FREE science activities for year 2 and P3!

Now that schools are closed, have you become a home educator overnight? Whizz Pop Bang is the world’s most awesomely amazing kids’ science magazine, bursting with hands-on experiments, facts and fun, and we want to help you and your children with the huge transition that many of us face.

Here are some FREE science activities and experiments to help you entertain, excite and educate your year 2 child! You’ll find reading comprehensions about harvest mice and crabs, find out how to grow a grass head pet while learning about seed germination, discover how to make plastic from milk and create a working wind turbine!

Our experiments are designed for children from 6 to 12, but this list of experiments is particularly perfect for year 2, P3 (Scotland) and 6-year-olds and 7-year-olds as they tie in with the relevant National Curriculum objectives and topics.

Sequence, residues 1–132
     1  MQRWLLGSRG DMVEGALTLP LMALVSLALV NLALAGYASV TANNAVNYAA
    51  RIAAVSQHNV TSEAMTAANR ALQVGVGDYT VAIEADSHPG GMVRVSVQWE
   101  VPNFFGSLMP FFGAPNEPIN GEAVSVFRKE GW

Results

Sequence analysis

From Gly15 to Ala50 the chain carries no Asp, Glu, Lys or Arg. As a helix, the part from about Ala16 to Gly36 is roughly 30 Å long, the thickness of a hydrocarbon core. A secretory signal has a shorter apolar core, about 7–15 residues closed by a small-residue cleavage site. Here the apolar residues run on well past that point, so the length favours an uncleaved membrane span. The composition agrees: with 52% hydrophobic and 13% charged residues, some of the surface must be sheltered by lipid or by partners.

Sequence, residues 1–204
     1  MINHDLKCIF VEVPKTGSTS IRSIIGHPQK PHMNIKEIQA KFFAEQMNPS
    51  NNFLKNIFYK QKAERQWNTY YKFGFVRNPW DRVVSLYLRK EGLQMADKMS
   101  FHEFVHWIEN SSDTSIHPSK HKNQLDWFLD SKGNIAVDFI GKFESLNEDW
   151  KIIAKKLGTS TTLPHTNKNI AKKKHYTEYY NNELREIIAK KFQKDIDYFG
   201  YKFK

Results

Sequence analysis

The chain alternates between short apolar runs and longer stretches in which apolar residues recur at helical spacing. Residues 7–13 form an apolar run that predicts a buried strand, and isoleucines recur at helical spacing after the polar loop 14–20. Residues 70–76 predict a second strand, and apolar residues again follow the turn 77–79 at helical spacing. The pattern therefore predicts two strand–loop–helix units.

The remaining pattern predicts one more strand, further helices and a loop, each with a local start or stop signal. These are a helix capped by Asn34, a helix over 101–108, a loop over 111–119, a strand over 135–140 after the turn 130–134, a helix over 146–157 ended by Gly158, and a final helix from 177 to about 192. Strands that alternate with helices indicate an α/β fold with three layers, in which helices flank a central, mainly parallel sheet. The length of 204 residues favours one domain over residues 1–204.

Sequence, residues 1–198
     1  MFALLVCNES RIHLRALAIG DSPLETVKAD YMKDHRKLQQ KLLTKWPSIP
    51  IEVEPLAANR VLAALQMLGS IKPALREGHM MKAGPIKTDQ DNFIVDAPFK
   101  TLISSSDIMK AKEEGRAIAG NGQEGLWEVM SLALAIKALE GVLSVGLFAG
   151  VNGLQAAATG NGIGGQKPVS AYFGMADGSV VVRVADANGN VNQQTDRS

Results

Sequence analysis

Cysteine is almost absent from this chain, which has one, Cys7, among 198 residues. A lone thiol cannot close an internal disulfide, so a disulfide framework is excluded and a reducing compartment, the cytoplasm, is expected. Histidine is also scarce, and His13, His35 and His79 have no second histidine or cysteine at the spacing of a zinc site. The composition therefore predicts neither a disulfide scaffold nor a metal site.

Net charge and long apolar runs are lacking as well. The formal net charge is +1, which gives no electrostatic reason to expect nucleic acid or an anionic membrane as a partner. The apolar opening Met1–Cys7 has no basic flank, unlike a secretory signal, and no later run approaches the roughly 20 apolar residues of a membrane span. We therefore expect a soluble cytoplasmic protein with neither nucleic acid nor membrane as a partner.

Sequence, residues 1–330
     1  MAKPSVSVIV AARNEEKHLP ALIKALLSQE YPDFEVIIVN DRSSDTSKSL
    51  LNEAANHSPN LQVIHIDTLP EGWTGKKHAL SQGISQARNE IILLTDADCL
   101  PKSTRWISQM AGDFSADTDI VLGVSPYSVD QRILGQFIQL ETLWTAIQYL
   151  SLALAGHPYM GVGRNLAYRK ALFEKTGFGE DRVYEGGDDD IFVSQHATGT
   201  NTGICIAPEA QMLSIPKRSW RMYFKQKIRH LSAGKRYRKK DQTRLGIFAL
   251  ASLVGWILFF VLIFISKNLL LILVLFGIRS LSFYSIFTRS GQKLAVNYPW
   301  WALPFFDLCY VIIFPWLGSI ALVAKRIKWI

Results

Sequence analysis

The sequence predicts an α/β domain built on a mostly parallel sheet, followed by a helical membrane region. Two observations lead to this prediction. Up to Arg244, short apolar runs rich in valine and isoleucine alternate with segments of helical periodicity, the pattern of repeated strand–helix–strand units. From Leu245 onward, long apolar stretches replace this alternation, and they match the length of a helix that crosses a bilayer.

The reading comprehensions included here were designed to be read at A3 size, so text may appear too small when printed at A4. They work really well on a tablet or monitor, or you may need to print them on two pages of A4 if your printer allows. 

If you have any comments or questions about our free year 2 science experiments and reading comprehensions, please leave a comment for us. Or do you have any science homeschool ideas or general home educating ideas for 6- and 7-year-olds? We’d love to hear from you!

Find loads more science activities, puzzles and games in our award-winning monthly kids science magazine, Whizz Pop Bang!

Harvest mice reading comprehension

Read all about the smallest rodent in Europe, the tiny harvest mouse!
Find out how they are related to other rodents, how much they weigh, what they use their tails for, how they protect themselves from predators, where they build their nests and what their babies are called.